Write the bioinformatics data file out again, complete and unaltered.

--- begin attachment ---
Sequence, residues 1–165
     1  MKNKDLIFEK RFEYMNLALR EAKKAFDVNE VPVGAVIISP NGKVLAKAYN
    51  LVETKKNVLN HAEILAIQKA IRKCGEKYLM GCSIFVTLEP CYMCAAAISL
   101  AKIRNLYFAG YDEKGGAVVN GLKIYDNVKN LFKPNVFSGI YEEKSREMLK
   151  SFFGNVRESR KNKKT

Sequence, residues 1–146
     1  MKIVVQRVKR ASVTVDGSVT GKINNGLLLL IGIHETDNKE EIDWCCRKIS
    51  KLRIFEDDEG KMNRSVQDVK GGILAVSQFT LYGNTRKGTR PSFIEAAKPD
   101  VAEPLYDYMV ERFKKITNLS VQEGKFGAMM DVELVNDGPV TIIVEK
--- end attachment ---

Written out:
Sequence, residues 1–165
     1  MKNKDLIFEK RFEYMNLALR EAKKAFDVNE VPVGAVIISP NGKVLAKAYN
    51  LVETKKNVLN HAEILAIQKA IRKCGEKYLM GCSIFVTLEP CYMCAAAISL
   101  AKIRNLYFAG YDEKGGAVVN GLKIYDNVKN LFKPNVFSGI YEEKSREMLK
   151  SFFGNVRESR KNKKT

Sequence, residues 1–146
     1  MKIVVQRVKR ASVTVDGSVT GKINNGLLLL IGIHETDNKE EIDWCCRKIS
    51  KLRIFEDDEG KMNRSVQDVK GGILAVSQFT LYGNTRKGTR PSFIEAAKPD
   101  VAEPLYDYMV ERFKKITNLS VQEGKFGAMM DVELVNDGPV TIIVEK